Posts Tagged ‘apple’

Why Apple Doesn’t Have Its Own Music Streaming Service

Friday, June 22nd, 2012 by Daniel

Why Apple Doesn’t Have Its Own Music Streaming Service

Renting and purchasing media both have its advantages and disadvantages, but Apple has no desire to introduce subscription services.

Renting gives you the pleasure of not worrying about variable costs. The cost of everything you rent whether it is books, movies or music is fixed. You can rent as much as you desire, and the cost will remain constant. Renting platforms such as Netflix allow you to pay a set monthly fee and the their library is yours. Subscribers also do not need to worry about their purchased items not being compatible with products in the future, seeing as you don’t own it.

Purchasing media, however, allows you to keep the content for the long run. Even if the costs are not fixed, your data plan will not turn into variable cost since you do not need any data. What’s bought is yours.

So why wont apple offer subscriptions services?

They do not believe in it. In an interview with the late Steve Jobs, he told Fast Company Magazine, “Nobody wants to subscribe to music. They’ve bought it for 50 years.” Jobs argues people have records, albums, cassettes and CDs so why would they start renting now?

Everyone has heard the phrase, ‘Why fix what’s not broken?’ iTunes sells more music than any other company in the world. Apple has no logical reason to create a subscription service when iTunes is breaking barriers, allowing consumers to purchase music, along with movies, television shows, documentaries, books and Angry Birds.

Apple has iTunes Match, a service that allows Apple users to store all of their music, whether it be downloads, songs you’ve imported from CDs, or purchased music on iCloud. This allows you to access your music from any of your devices and listen to all of your music, wherever you are.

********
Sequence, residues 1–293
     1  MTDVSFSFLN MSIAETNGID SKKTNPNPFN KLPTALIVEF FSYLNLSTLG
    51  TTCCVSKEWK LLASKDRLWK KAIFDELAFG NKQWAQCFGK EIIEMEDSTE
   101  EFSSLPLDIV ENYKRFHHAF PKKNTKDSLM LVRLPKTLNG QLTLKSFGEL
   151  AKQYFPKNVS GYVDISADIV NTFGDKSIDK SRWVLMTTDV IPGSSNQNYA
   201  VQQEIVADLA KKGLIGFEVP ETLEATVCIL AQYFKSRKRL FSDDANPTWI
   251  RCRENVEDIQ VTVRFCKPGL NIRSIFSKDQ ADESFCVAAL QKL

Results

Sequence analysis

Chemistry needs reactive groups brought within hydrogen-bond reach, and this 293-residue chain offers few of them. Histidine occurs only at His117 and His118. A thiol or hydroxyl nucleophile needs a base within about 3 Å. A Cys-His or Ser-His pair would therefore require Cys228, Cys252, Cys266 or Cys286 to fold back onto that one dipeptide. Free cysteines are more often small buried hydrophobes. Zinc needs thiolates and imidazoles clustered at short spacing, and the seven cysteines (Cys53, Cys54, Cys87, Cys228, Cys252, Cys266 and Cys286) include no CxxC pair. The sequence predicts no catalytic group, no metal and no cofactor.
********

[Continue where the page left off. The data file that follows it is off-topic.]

How do you obtain your music? Let us know below!

Grooveshark Encountering Legal Problems With Increased Popularity

Tuesday, November 29th, 2011 by Briana

Since its initial beta launch in 2007, Grooveshark has been steadily growing in popularity. Initially a paid music downloading service, the website has since evolved to a music streaming platform with over 30 million users, like a free version of Spotify. The difference, however, is that Grooveshark is not strictly speaking legal.

Grooveshark relies on user-generated content, which is very hard to individually police. There is a Terms of Service agreement that users must agree to before uploading anything, but even though it specifically states that no illegal content is to be uploaded, many do so anyway. Although Grooveshark insists it has complied with the Digital Millennium Copyright Act and taken down any content the major record labels have asked them to, there is evidence that the company actually encouraged illegal uploading. Recently released internal documents even go so far as to suggest that Grooveshark employees were encouraged to illegally upload music to further expand the Grooveshark library.

This has caused Universal Music Group to file a second lawsuit (the first was filed in early 2010), though Grooveshark maintains that the claims are based, “almost entirely on an anonymous, blatantly false internet blog comment.” However, internal emails from the company were made public as part of the lawsuit and include employees as high up as the company’s chairman, Sina Simantob saying things like, “…we are achieving all this growth without paying a dime to any of the labels.”